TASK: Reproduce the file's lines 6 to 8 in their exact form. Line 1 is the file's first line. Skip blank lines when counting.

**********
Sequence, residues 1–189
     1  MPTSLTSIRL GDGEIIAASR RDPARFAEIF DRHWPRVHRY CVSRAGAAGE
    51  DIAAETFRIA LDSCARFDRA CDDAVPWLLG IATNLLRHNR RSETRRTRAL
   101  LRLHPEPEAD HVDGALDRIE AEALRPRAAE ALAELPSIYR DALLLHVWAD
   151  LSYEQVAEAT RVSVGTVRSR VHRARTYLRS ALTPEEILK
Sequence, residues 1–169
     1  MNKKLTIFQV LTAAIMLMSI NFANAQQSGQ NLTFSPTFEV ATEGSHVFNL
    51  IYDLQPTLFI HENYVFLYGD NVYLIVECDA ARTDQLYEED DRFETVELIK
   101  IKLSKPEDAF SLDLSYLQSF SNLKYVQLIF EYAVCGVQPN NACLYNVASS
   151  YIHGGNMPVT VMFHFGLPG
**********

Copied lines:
Sequence, residues 1–169
     1  MNKKLTIFQV LTAAIMLMSI NFANAQQSGQ NLTFSPTFEV ATEGSHVFNL
    51  IYDLQPTLFI HENYVFLYGD NVYLIVECDA ARTDQLYEED DRFETVELIK